German Foreign Minister Joschka Fischer admitted Saturday he made mistakes in an affair involving the misuse of visas by criminal human traffickers from Eastern Europe, but he remained defiant amid calls to resign.
Fischer's speech was well received by Greens delegates
"I've made mistakes," Fischer told a Cologne meeting of his Greens Party, the junior members of Chancellor Gerhard Schröder's center-left coalition. "But that has nothing to do with the party," he added. Fischer is the Greens' most high-profile figure.
Fischer, whose poll ratings have dived over the controversy, acknowledged that under his foreign ministry stewardship since 1998 two decisions had been made that were to damaging visa policy. "I did not react with sufficient speed or firmness, or fully enough as the responsible minister," he said.
Germany's conservative opposition claims lack of vigilance by Fischer meant "hundreds of thousands" of clandestine immigrants from the former Soviet bloc -- Ukraine in particular -- were able to enter Germany between 2000 and 2003 after tourist visa criteria were relaxed, thereby allegedly fostering organized crime, a submerged economy and prostitution.
Angela Merkel, head of the conservative Christian Democrats, said on Saturday Fischer had failed to uphold the duties of his office and therefore had to go. "If he had an ounce of self-respect left he'd know what he has to do," Merkel said. "Plenty of ministers have resigned over less."
But Fischer attacked the conservatives for opportunistically labeling all Eastern Europeans as lawbreakers. "As far as I'm concerned, they can demand my resignation, but they must stop stigmatizing an entire people as criminals just for an election campaign!"
Fischer's speech to the Greens in North Rhine-Westphalia was keenly awaited by many hoping to gauge his strategy before he testifies in the coming weeks before a parliamentary investigation into the affair. His feisty reply energized both those in his party and members of Schröder's Social Democrats (SPD).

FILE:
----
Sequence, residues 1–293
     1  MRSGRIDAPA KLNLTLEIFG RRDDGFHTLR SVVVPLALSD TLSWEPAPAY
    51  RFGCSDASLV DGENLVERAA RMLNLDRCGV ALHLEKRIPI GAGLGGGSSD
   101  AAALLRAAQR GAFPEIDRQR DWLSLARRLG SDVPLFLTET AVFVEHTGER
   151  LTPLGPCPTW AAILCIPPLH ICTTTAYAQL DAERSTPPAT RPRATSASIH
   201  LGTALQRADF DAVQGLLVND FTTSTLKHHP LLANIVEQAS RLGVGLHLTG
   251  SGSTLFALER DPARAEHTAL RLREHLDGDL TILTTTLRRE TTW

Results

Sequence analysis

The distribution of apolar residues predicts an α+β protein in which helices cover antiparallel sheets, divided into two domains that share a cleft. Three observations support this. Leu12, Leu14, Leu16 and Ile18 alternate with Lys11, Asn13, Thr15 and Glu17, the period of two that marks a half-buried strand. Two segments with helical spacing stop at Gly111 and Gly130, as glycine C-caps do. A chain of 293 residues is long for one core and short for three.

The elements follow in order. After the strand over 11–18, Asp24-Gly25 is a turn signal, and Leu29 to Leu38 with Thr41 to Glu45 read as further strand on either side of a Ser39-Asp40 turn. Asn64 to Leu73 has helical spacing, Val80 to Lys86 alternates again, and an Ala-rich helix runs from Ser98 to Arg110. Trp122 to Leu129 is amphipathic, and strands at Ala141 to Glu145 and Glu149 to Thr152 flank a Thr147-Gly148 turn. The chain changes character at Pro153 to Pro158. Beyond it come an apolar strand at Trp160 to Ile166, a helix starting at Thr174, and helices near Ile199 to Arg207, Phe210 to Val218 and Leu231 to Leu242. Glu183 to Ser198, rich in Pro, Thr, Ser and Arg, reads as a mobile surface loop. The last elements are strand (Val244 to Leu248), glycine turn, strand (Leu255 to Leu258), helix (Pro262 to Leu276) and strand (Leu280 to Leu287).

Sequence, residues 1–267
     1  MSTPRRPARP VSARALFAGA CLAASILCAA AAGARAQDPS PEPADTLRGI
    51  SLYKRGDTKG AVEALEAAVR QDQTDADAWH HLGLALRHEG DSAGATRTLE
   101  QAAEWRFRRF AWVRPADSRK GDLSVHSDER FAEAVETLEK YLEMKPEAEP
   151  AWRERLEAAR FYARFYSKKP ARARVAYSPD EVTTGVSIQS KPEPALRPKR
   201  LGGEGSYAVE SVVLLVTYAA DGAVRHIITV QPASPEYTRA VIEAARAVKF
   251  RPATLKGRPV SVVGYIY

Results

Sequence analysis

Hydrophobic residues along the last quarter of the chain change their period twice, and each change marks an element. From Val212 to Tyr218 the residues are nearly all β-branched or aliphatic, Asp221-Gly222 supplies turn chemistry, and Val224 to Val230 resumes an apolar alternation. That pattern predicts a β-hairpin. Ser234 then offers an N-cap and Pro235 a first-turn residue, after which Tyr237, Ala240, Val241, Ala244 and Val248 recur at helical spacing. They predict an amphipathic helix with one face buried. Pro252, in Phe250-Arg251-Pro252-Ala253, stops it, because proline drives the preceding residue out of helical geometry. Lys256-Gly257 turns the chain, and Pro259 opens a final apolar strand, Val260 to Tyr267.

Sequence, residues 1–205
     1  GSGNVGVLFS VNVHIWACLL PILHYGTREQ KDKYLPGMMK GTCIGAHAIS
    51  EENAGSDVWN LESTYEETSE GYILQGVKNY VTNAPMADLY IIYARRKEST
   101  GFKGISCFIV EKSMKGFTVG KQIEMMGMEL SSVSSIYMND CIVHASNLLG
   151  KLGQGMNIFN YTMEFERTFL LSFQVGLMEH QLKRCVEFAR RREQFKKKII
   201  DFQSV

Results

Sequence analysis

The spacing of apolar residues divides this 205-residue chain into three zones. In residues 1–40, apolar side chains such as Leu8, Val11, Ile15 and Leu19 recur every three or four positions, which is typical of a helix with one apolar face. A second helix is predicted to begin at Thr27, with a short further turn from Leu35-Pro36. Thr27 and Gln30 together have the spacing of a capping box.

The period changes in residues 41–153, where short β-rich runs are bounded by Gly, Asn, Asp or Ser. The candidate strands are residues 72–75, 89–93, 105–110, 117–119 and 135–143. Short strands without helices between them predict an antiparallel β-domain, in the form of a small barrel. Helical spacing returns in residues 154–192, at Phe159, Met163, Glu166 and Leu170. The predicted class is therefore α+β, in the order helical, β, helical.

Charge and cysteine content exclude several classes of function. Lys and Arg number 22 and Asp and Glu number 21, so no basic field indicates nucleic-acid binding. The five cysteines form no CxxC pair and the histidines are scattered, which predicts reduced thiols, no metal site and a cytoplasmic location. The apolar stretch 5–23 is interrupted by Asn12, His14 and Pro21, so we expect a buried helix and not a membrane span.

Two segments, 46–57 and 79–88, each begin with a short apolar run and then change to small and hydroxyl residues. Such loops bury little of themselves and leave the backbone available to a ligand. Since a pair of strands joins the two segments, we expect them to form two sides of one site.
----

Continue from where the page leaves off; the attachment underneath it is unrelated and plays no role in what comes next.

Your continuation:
Fischer has the full backing of Schröder, who this weekend again dismissed demands by the opposition for his resignation. In an interview with the Frankfurt Allgemeine Sonntagszeitung newspaper, Schröder made clear Fischer was going nowhere: "The foreign minister will remain the foreign minister!"
Don't you like me anymore?
But Fischer lost his standing as Germany's most popular politician for the first time in three years in a key poll Friday amid the ongoing scandal. The "Politbarometer" published by public broadcaster ZDF showed that the affair over the abuse of tourist was taking a political toll.
After more than three years leading the ranks of Germany's "top 10 most important political officials", Fischer slipped to second place with a rating of 0.8, down by half from the 1.6 he tallied last month. Five would the highest score in a scale that assesses an official's public profile, image and likability.
He was bested by Lower Saxony state premier Christian Wulff of the conservative opposition Christian Democrats, who has been considered a dark-horse candidate for the chancellery in next year's general election. Wulff benefited from Fischer's slide, but also from a poll quirk that eliminates the responses of people who said they did not know the politician well enough to judge. Half the respondents gave this response for Wulff.
The visa scandal comes at an inopportune time for Schröder's government, with his Social Democrats (SPD) unable to break a marathon losing streak in a series of state elections. The SPD suffered a surprise loss in Schleswig-Holstein last Sunday and will face a crucial test in a poll in the most populous state of North Rhine-Westphalia on May 22.
Until then, it will be scrambling to control the political damage from the visa affair.